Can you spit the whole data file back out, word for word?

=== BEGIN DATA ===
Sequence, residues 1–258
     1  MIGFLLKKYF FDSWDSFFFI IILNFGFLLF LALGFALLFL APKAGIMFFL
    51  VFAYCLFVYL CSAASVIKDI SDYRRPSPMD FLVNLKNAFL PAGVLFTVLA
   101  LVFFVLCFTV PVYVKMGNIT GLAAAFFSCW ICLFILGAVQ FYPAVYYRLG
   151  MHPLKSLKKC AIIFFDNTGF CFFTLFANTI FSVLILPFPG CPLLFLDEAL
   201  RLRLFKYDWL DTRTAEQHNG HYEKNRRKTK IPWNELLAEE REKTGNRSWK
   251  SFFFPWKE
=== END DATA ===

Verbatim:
Sequence, residues 1–258
     1  MIGFLLKKYF FDSWDSFFFI IILNFGFLLF LALGFALLFL APKAGIMFFL
    51  VFAYCLFVYL CSAASVIKDI SDYRRPSPMD FLVNLKNAFL PAGVLFTVLA
   101  LVFFVLCFTV PVYVKMGNIT GLAAAFFSCW ICLFILGAVQ FYPAVYYRLG
   151  MHPLKSLKKC AIIFFDNTGF CFFTLFANTI FSVLILPFPG CPLLFLDEAL
   201  RLRLFKYDWL DTRTAEQHNG HYEKNRRKTK IPWNELLAEE REKTGNRSWK
   251  SFFFPWKE